The landscape surrounding the Staal Smokehouse must be flatter than the nearby sea. Dropping down from the twisting, vaulted, Yorkshire Wolds into the plains of Holderness, you know industry has altered as much as the gradient.
Smoking fish is a process encased in imagery; historic films of men hoisting poles laden with spilt mackerel, high into smoking towers. A grey haze distorting the view of a gymnast carefully balancing in the racks twenty feet above.
However, the image has changed. Stark white wash-down walls, shimmering stainless steel and the hum of vacuum packing machines are smoking it its current form.
Thankfully the Staal Smokehouse has managed to wrestle the potential beige trappings of modernisation into submission. Whilst the imagery may be vastly different, the flavour is not.
Justin Stall is a man who knows fish better than most. Not because he’s been busy trawling for them amongst waves of the vicious North Atlantic, for when Justin was fishing, the views were more almighty than any storm.
For a decade he organised luxury, bespoke high-end fly fishing trips; a job that took him from the Seychelles to Russia, Alaska and back.
It’s a fantastic bedrock to be hewn from, and I think, his secret weapon. He appreciates the beauty of a fish and its environment, so when they’re smoked, Justin knows the respect that’s due.
“I’m completely self-taught, so I don’t know what happens in any other smokehouse” Justin tells me half laughingly, half mildly pensive. But I think it’s his second secret to success.
A business free from the constraints of times gone by, is a lucky one indeed and it allowed the Staal Smokehouse to develop its own identity.
As we look at a tray smeared with dark molasses-based mixture Justin describes how, “First thing on Monday morning I go to Grimsby and get the salmon. We dry cure it for twelve hours in brown sugar and salt, wash it all down, let it rest and it goes in to the smokehouse on Tuesday”.
Two stainless steel smoking machine chimneys pierce the ceiling as we enter the next room. It’s a room that on a cool autumn afternoon, as it was, offers a feeling of comfort and homeliness.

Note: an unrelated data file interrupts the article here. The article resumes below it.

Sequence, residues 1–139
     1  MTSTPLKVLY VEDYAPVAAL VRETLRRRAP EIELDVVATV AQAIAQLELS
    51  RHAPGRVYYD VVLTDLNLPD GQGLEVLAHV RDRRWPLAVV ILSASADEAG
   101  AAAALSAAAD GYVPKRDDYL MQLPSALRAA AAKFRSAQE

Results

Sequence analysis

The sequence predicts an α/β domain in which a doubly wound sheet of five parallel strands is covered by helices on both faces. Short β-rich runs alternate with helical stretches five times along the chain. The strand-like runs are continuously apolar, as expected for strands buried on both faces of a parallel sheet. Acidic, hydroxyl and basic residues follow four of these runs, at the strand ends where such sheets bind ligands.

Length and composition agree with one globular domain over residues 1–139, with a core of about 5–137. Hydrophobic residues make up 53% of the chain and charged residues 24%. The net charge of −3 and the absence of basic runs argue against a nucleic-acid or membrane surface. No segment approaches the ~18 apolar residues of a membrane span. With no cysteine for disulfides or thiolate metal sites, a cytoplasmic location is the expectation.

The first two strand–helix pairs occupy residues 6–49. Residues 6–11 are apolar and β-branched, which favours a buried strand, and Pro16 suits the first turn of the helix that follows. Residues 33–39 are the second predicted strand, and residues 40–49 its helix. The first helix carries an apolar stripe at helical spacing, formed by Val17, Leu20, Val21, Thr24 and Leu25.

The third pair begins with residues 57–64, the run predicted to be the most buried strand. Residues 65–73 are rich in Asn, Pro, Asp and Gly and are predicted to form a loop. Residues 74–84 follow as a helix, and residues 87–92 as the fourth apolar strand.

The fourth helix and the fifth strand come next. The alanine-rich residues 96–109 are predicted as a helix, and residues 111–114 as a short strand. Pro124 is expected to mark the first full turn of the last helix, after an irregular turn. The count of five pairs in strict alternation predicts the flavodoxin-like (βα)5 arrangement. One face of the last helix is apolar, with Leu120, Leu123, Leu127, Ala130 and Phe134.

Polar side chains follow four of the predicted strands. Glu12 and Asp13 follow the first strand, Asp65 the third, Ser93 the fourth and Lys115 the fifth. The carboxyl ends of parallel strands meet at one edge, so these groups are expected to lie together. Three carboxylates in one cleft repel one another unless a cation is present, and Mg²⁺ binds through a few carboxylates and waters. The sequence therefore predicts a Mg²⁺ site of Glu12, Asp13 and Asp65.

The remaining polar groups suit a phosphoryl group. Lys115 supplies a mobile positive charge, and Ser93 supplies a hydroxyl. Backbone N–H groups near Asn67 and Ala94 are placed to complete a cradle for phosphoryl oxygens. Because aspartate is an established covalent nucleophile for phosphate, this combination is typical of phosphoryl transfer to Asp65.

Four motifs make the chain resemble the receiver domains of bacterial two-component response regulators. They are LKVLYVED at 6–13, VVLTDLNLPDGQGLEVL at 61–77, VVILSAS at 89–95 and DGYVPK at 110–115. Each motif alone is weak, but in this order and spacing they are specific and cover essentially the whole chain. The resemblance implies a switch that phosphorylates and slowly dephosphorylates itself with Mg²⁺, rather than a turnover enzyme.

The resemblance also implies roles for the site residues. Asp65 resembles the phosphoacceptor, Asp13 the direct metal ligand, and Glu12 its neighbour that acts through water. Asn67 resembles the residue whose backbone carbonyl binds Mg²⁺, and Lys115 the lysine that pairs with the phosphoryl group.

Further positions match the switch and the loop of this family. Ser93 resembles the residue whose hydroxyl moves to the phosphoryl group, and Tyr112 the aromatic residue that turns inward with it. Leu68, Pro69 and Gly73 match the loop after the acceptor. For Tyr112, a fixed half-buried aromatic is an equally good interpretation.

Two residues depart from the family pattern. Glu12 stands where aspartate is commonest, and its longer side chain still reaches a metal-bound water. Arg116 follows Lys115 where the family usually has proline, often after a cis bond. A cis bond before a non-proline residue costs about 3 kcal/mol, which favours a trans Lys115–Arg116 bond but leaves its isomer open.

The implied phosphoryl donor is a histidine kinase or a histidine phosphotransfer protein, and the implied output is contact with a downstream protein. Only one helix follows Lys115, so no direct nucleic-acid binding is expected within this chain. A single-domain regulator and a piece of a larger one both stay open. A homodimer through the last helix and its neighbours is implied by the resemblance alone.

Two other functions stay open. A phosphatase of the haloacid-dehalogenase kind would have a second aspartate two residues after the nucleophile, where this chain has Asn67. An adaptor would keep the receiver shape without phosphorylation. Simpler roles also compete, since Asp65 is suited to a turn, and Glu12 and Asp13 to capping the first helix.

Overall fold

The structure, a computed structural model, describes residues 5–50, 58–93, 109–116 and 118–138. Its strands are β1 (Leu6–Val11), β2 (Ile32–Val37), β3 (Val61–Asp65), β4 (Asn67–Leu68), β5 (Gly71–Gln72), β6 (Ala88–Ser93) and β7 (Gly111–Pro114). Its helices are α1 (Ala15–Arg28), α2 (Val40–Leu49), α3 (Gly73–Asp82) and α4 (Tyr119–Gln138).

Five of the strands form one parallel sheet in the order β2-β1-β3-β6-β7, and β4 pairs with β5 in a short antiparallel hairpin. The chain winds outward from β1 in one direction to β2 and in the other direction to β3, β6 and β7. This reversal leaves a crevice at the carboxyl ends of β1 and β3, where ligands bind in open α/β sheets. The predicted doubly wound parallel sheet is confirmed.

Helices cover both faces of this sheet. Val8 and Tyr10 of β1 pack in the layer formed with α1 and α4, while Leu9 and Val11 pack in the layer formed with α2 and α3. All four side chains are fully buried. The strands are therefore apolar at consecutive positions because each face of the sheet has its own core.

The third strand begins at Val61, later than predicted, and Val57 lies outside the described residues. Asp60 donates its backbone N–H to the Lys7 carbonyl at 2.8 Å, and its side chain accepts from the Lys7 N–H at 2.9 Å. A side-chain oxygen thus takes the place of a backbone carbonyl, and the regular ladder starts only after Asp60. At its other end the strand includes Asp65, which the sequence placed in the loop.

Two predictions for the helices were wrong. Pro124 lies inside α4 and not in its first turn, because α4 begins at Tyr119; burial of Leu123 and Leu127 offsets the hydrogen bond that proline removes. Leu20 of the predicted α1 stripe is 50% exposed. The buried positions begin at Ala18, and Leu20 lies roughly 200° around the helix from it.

The orange hue running through the pink sides of salmon laid out on smoking racks, is a splash of colour against the plain dull walls, our blue coats and hairnets the only other visual stimuli.
Hanging in the air is the smell of autumnal woodland walks, the warm embrace of an open fire in the pub, conkers, childhood. A slight haze seeps from the smoking tray as Justin checks its smouldering content.
Oak and applewood chips are the source of the smoky flavour, tree choice historically dictated by nearby abundant forests. Travel further afield to Europe where ash, beech or pine are used. The Icelandic’s, for lack of trees, smoke fish over smouldering sheep dung.
Thankfully Justin has developed a product with a much more subtle flavour, he’s an exponent of complimenting the flavour of the fish, not masking it. A stance developed, I wonder, from his global fly fishing days?
As Justin talks, his face often creased with smiles and laughter, you’re aware he’s a humble man. I had to prompt him into detailing the awards he’s won and since my visit, the accolades have continued.
So what makes Justin’s products so fantastic, so flavoursome, so revered? The surroundings add little, the raw product, is indeed, very well sourced and the process to smoke it is meticulous. However, I don’t think these are the geysers of greatness.
It has to be the man behind the product, ably supported by his family whom he often referred to. Justin has turned a hobby into his work, the salmon are a canvas onto which he practices his art and through which the consumer can experience his passion.
I left with the feeling that every product leaving the Staal Smokehouse begins its journey not in twelve hours of smoke, curing trays, or even the sea. They all begin in one place, the heart.